The price we all pay for this unconventional oil is too high to bear. The development of the tar sands is being driven by the spiraling price of oil, which means enormous profits for oil companies. But pursuing those profits in the tar sands requires everyone else to pay a high price characterized by the loss of investment in cleaner energy, the intensity of environmental impacts in the Boreal forest and the significant worsening of global greenhouse gas emissions.
Tar sands and public policy:
- 80% of British Columbians across all political spectrums support an oil tanker ban for Canada’s Pacific North Coast
- Nine Coastal First Nations of British Columbia have declared a tanker ban in their traditional territories
- Municipal governments and major political parties support keeping tankers off the coast. Yet the Current Conservative government refuses to formally protect it
Facts about the largest fossil fuel projects on earth, Canada's tar sands:
- Tar sands are one of the world’s dirtiest energy project. Producing one barrel of tar sands oil generates three to five times the global warming emissions that producing the same amount of conventional oil would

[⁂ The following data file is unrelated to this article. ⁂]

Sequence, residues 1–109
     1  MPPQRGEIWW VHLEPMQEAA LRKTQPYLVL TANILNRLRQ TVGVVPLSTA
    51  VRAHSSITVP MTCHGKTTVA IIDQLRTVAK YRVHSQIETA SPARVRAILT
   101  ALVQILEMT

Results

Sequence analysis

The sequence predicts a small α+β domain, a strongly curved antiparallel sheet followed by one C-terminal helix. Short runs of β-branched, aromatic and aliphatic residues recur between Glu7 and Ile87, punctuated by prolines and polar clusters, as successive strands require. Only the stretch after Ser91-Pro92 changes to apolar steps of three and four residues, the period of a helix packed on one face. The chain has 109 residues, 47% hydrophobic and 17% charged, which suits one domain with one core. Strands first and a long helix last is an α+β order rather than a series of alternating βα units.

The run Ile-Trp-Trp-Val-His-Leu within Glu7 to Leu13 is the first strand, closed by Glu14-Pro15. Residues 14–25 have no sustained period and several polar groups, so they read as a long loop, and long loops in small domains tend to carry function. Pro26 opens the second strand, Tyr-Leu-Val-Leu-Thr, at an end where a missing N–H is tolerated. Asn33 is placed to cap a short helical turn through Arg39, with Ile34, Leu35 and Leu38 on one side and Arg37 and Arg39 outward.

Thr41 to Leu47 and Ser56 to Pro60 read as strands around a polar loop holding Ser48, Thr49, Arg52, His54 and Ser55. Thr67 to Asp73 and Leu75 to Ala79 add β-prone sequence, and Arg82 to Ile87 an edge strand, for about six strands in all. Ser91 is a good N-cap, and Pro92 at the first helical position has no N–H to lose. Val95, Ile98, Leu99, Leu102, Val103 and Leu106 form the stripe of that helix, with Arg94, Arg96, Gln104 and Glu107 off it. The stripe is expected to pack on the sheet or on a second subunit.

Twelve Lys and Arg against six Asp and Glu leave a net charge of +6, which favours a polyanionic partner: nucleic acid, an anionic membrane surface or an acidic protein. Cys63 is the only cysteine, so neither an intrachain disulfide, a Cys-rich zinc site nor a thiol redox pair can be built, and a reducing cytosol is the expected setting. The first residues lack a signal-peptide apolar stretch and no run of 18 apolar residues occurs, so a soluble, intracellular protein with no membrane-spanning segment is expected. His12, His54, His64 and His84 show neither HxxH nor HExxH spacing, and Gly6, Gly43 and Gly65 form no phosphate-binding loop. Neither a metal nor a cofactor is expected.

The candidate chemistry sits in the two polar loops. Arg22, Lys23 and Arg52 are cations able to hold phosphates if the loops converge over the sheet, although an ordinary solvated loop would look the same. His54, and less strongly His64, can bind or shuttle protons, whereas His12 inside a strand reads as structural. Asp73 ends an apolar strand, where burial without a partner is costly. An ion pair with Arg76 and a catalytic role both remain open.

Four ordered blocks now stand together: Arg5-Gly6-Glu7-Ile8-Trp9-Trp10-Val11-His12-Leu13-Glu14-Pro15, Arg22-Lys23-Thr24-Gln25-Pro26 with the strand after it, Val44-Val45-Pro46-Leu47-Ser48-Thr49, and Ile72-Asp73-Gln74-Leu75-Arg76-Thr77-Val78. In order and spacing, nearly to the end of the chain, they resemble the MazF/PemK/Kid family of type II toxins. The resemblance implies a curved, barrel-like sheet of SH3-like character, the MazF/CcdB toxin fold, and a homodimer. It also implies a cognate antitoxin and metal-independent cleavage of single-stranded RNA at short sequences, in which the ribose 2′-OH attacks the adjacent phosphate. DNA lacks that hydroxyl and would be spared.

- Tar sands destruction is growing. If expansion is not sharply curtailed, toxic tar sands operations will expand throughout an area the size of Florida
- Tar sands impacts are getting worse. The Canadian government predicts that greenhouse gas emissions from the tar sands will more than triple in the next decade
- Tar sands threaten community health. Downwind and downstream of the tar sands in Alberta, and near US refineries using and pipelines carrying tar sands oil, communities are exposed to carcinogenic chemicals like benzene and toluene, plus heavy metals, like mercury and lead
- Tar sands are wasteful. Processing tar sands sludge requires enough natural gas in one day to heat three million homes
- Tar sands are destroying biodiversity. Threatened woodland caribou have declined by nearly 50% over the past 10 years in the tar sands region
- Toxic waste from the tar sands is killing our birds. Certain bird species have already declined by as much as 80% in areas heavily affected by tar sands development. Not to mention, tar sands have killed hundreds of water fowl who land on tailing ponds1
- Tar sands are exhausting our fresh water. Every day three million barrels of drinking water are lost to the production of tar sands oil
- Tar sands spew toxic waste. The tar sands' toxic lakes grow by 1.8 billion litres each day, and are leaking dangerous chemicals into the nearby soil and water
1. March 2, 2010. Images show dead ducks in Syncrude pond. CBC News. Original URL.